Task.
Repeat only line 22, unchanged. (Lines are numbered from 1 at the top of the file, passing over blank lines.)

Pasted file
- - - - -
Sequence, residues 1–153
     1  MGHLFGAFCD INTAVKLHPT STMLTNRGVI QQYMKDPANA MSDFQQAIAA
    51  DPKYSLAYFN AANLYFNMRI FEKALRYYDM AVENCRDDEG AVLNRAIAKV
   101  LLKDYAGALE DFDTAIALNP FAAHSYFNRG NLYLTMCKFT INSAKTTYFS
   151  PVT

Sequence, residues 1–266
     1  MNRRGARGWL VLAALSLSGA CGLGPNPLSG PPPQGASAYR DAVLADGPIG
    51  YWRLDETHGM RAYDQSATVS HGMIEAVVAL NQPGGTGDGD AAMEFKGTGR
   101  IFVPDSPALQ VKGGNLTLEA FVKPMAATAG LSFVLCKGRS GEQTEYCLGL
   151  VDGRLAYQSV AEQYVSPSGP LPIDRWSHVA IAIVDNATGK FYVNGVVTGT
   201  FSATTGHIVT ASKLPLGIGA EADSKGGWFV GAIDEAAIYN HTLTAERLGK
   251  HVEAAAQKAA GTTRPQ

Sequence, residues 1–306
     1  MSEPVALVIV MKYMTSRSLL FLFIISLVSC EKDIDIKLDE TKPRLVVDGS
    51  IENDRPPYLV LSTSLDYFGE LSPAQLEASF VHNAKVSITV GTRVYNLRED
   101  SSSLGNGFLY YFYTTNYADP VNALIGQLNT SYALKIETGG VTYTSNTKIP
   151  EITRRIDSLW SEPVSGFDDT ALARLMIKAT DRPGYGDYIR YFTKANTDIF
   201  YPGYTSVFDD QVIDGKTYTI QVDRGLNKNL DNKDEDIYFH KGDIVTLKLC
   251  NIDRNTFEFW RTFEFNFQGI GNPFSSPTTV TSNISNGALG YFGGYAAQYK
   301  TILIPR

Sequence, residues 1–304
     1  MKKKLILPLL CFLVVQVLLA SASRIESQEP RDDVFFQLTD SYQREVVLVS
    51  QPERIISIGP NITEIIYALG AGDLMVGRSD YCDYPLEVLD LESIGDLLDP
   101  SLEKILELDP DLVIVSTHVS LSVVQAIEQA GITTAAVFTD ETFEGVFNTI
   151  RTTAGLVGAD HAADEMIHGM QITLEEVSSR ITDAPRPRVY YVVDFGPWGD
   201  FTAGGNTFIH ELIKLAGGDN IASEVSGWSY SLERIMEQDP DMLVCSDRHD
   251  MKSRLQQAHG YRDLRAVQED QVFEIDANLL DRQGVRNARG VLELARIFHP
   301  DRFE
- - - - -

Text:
     1  MKKKLILPLL CFLVVQVLLA SASRIESQEP RDDVFFQLTD SYQREVVLVS